Common goals seal Nashville fleet deals

For Don Christenson, growing Christenson Transportation Inc. goes far beyond adding equipment and freight capacity.

“Trucking is a relationship business,” said the president of the family business he founded in 1995. “Whether we’re interacting with our employees, working with customers, or partnering with suppliers, we let’s examine how we are interdependent for success.”

As he aims to grow his business by acquiring other trucking businesses, Christenson is quick to note that he’s willing to pass on opportunities that only look good on paper. “We learned from our first acquisition in 2018 that it’s more important to find companies that fit our culture,” he said.

A recent example is the acquisition of Sharp Transport Inc. by Christenson. Although the purchase expanded the carrier‘s freight network and added trucks, drivers and owner-operators, common goals sealed the deal.

“What really drew us to Sharp Transport, which is a family business that’s been around as long as ours, is its similar culture built around drivers,” Christenson said. “It’s easy to leave a job, but it’s hard to leave friends and family, and Sharp Transport shares the same belief.”

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From its executive offices in Nashville, Christenson operates terminals in Springfield, Missouri, and Lebanon and Ethridge, Tennessee. The company transports high-value, high-risk, time-sensitive cargo to the lower 48 states. Its operations also include a dedicated fleet in Pennsylvania and a regional fleet that primarily covers the southeast.

Christenson operates 225 tractors and 900 dry vans. Peterbilt and Kenworth provide its power units; its trailer fleet is a mix of utility, Great Dane and Hyundai units. Although the company continues to add new vehicles every year, it is looking to the future.

Earlier this year, Christenson signed an eight-year agreement with Locomation to expand its capacity with autonomous trucking technology. For Christenson, Locomation’s turnkey solution will enable the fleet to deploy autonomous trucks in the near future, and Locomation’s proprietary planning and scheduling systems made it the right choice.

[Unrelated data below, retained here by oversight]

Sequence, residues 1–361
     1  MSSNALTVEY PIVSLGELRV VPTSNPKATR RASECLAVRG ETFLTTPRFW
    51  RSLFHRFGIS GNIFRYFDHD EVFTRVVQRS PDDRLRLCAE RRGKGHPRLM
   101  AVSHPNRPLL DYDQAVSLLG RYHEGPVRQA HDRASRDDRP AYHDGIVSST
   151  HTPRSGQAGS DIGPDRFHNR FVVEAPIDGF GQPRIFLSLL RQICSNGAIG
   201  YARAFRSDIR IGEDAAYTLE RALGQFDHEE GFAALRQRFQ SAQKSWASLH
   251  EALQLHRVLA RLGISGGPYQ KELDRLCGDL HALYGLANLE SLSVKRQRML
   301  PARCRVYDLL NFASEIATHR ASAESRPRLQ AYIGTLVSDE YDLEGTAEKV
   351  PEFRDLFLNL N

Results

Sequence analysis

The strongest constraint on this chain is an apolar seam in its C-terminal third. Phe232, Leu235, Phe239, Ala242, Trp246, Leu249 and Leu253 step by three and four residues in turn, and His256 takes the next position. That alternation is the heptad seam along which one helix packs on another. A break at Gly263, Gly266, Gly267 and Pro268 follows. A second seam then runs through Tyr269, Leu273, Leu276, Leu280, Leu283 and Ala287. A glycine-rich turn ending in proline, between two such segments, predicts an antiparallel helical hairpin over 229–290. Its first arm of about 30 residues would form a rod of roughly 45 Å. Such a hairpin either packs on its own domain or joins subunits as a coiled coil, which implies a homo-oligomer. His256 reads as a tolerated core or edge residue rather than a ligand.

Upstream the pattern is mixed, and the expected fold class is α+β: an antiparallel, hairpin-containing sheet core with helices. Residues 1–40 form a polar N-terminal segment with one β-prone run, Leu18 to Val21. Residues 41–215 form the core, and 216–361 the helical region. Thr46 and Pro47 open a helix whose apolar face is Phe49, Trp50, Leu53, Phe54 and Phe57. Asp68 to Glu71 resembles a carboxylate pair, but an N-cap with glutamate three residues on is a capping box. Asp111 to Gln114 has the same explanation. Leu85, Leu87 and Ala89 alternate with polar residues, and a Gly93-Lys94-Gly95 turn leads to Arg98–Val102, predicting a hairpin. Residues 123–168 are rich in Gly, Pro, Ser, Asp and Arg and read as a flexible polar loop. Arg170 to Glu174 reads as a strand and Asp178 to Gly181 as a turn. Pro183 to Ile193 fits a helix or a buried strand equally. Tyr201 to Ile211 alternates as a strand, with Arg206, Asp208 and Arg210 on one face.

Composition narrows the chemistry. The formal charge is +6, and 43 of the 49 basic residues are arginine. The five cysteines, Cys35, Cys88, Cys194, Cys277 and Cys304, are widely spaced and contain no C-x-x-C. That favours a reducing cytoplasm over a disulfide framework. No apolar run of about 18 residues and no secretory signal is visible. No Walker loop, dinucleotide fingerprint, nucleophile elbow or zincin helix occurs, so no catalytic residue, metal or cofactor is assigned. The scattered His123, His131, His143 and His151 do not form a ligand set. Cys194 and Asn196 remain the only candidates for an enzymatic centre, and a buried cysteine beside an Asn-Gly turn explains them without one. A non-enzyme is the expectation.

“We saw Locomation as an opportunity to establish a strong presence and allow us to double our market share in the routes we chose,” explained Christenson. “Our goal is not just to add equipment, but to offer existing customers additional capacity in the same freight lanes. With Locomation, we can restructure our operating model to run self-driving trucks more than 20 hours a day.

By deploying 500 trucks equipped with Locomation’s Autonomous Relay Convoy (ARC) systems on five separate segments of the Autonomous Relay Convoy network, Christenson predicts a 52% increase in capacity on these lanes, as well as a 50% reduction in miles to empty. The impact of increased loaded kilometers and reduced operating costs, including lower fuel expenses on these routes, is expected to quadruple Christenson’s bottom line.

For all of its operations, Christenson uses a combination of company drivers and hired owner-operators. “We are dedicated to the importance of a strong driver culture, and we believe it has helped us meet the challenge of finding and retaining drivers,” Christenson said. “We are looking for people who have the same dedication. For example, we may hire only 10 drivers out of 500 applicants, but our annual revenue is down about 40%, which is a good number in this industry.

The same quality over quantity approach is applied at Christenson to the carrier’s relationship with its maintenance providers. As well as a company store in Ethridge, the company contracts out most of its local work to its Peterbilt dealer, The Larson Group, and MHC Kenworth. On the road, he uses TravelCenters of America and other truck stop chains.

Behind the scenes, Christenson uses McLeod Software’s Loadmaster TMS for its asset and brokerage operations. The technology helps the carrier focus on things like booking only the freight it has the capacity to handle efficiently.

McLeod IQ business intelligence software is used to develop real-time reports on certain key performance indicators. Among its most valuable uses is in making effective fuel purchasing decisions, the information it also shares with its leased owner-operators. The software provides safety data, including information from Lytx on-board cameras in Christenson tractors.

“As we move into a third generation of ownership,” Christenson said, “our continued commitment is to bring value to our customers.”